1. Ginger everything Health nuts love to put the stuff in their tea and smoothies when they’re getting sick so I was shocked to find that science doesn’t appear to support it. There’s some decent data that says it’s helpful for nausea, morning sickness, upset stomach etc. There’s also great new research about its possible ability to blast cancerous cells. But it’s not, from what I can tell, the everyday “immune booster” we like to think it is. That being said, I go crazy on the stuff whenever I feel a little something coming on. The other night, I made carrot-ginger soup and ate it at every meal for three days. Today, I asked the juice lady to put extra ginger in my smoothie. Before bed tonight, I’ll probably grate some into a mug of piping-hot water. I don’t know if it works, but I think it does. Tasty, too.
2. Hope Gillerman’s Travel Remedy We have told you before how much we love Hope’s essential oil blends. I keep a few handy, and as soon as the season started changing here in New York, I was super drawn to her Travel Remedy. I’d heard it could help with seasonal shifts, but I thought that was mostly in promoting wakefulness when it’s dark out and deeper sleep at night. I’ve used it for jet lag in the past (it works), but a few weeks ago, I started massaging some of this oil to my chest and shoulders before I shower in the morning. It smells unreal, and it’s a lovely way to start the day, but I wanted to know if I was onto something or just flying by the seat of my pants for no reason. Here’s what Hope said:
“You are not just placebo-ing. You are using a perfect oil to support the immune system and ward off cold and flu this time of year!”
Oh reeeeeally. Here’s what else she said: “Litsea, the lemony oil you smell, is an important oil when you get sick during seasonal change or when weather becomes damp and cold. Plus this blend is antibacterial, anti-fungal and anti-viral for super immune support.” Well I’ll be damned. I’m 1 for 2.
3. Sleep Right. So when I feel like I’m getting sick, I tend to cancel plans a lot, drink less wine, and sleep more. I believe this works, and science supports me on that. You know this already, and I do too.
4. Massage, yoga, sex I lump these together because they have proven immune-boosting benefits, can help balance your hormones, and feel really, really good. As long as you have enough energy to make it to class or the spa, or have a buddy around who isn’t a germophobe, I say it’s worth a shot. No hard science on cold-prevention, though.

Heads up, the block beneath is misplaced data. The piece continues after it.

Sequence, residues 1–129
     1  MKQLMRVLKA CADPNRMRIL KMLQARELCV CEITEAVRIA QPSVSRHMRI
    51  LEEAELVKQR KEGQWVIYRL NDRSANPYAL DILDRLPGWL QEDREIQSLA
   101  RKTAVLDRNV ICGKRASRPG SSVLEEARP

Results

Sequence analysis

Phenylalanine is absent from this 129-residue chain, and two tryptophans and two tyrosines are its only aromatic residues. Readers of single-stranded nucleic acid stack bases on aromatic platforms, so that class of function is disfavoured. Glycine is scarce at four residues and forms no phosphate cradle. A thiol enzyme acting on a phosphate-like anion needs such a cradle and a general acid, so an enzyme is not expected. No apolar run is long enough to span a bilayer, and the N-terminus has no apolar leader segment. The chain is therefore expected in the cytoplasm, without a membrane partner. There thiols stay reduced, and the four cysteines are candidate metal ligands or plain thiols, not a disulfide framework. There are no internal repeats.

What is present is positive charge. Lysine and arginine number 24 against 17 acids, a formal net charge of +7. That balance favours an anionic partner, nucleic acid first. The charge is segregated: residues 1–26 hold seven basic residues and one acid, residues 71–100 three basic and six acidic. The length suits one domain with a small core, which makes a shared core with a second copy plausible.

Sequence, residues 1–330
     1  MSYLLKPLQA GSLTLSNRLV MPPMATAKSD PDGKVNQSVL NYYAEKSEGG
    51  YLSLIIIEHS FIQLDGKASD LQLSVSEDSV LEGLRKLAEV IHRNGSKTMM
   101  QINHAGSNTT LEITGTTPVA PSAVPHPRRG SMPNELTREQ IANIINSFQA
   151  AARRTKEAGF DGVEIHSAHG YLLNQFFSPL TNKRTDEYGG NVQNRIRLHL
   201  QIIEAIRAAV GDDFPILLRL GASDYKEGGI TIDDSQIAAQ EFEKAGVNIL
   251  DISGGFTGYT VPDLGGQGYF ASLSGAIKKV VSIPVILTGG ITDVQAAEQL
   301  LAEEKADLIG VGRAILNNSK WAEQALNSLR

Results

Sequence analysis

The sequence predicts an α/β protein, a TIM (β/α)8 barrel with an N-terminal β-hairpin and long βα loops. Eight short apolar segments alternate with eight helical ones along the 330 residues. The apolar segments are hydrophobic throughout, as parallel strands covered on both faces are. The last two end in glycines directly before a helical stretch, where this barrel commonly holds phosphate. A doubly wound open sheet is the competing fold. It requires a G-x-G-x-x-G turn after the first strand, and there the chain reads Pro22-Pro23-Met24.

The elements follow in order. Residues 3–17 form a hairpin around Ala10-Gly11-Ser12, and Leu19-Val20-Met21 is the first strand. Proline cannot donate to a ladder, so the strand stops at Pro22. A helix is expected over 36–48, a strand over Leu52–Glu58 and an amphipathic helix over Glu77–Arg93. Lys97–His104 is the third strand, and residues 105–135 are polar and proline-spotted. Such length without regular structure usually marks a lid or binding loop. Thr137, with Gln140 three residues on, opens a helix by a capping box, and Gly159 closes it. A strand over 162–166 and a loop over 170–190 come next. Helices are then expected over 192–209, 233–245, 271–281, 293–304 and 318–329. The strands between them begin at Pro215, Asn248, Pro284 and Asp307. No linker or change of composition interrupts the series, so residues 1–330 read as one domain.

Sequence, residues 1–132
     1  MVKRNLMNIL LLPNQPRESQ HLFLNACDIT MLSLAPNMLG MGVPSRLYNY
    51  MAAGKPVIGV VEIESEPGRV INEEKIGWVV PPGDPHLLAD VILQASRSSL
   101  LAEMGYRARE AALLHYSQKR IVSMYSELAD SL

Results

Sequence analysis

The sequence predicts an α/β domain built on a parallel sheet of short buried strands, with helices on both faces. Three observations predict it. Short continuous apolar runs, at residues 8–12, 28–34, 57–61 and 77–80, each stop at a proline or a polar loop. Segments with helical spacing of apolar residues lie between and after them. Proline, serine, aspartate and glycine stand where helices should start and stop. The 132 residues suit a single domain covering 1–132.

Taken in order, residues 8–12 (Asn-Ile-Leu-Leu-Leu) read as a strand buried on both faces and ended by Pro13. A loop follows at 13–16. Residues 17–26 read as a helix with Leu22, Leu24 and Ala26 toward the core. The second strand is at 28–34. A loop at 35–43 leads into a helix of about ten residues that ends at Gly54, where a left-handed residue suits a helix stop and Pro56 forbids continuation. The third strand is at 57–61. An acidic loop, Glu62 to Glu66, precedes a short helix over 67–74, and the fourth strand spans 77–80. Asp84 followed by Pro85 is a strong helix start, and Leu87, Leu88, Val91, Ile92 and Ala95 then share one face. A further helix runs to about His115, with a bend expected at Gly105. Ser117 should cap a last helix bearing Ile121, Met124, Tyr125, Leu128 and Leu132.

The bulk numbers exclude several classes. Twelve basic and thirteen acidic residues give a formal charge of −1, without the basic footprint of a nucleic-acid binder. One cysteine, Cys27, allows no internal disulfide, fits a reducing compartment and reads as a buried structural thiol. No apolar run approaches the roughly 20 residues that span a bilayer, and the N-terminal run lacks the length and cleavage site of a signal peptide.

5. Honey You already know that honey is antibacterial, antifungal and antiviral. So at the very first sign of any throat discomfort, I recommend sucking on a spoonful of raw honey (with the propolis and enzymes, naturally). The science here is equivocal, but it’s been a folk remedy for millennia, and I think history might beat peer-reviewed double blinds in this case. And if you’re already sick, a cool new study showed it to be an effective cough suppressant, too.
6. Turning your head when other people cough or sneeze. I dug up an interesting bit of research that supports my very strong urge to move to another car on the train when some guy sneezes not into his shirt sleeve. We’re coded to react this way in order to protect ourselves from catching whatever contagious sick people have. Another bit I heard recently—from an expert, though I don’t have the supporting research—is that turning away your face when someone coughs or sneezes can mean the difference between feeling fine and wasting a weekend in cold-and-flu hell. That’s because your eyes, nose and mouth are how most bad airborne germs make their way into your body. Shield these three entry points and you have a better chance of staying healthy.
So I’m 4 for 6. Your turn! What do you swear by to fight off colds—or cure them once they’ve started? Everyone does something. DIY? OTC? Herbs? Magical spells? We want to know what YOU do.
* Yes, I knocked wood like 10 times while writing this paragraph.
Crop of one of my favorite Richard Prince paintings, Nurse In Love, via his site
The other night over dinner with friends, I invented a new game.
As we tore into our appetizers of fennel salad, roasted cauliflower and Cabernet (yes, wine counts), we played a round of something I’ll call Wish for Five Nice Things.
Our friends are good sports, and they know me well enough to just roll with this kind of cheesy forced-participation dinnertime activity when inspiration strikes. The three of us have played Say Five Nice Things together several times over shared meals. On another occasion, we decided that everyone at the table should say something nice to the person to our right, then we switched and did the person to our left. So corny, I know.
This one’s a little different. Instead of pointing out things that you like, focus on what you’d like to have. In your life. Now or later.
Examples: Maybe you’d like that weird-in-a-bad-way recurring dream to stop happening. Maybe you find yourself stuck in a pattern you’d like to break, or you wish you could actually try crow pose instead of running to the bathroom every time it comes up at yoga. Or maybe you’ve got your eye on a new job, or a cute guy or girl or…a killer pair of pumps? This game, like Say Five Nice Things, doesn’t have to be heavy.
So why bother? First, remember, this isn’t about finding a thing outside of yourself that will fix all your problems. Instead, it’s about setting an intention, saying it out loud so you kind of own the thing, and then risking wishing for what you secretly know you want but for which you are maybe a little scared to ask from universe/yourself/your partner/your body etc. So maybe “wish” is the wrong word, but we’ll work with that for now.
Still need convincing? Here are four reasons to play Wish For Five Nice Things:
1. We’re a goal-oriented species. My acupuncturist is good at reminding me that life goes by in a snap if you don’t actively participate in it. Actually, it goes by in a snap no matter how you live, so it’s a nice idea to try to be present, see what’s in front of you, and create the life you want. I find setting intentions—out loud, or out loud in my head—to be useful day-to-day, and in a big-picture kind of way.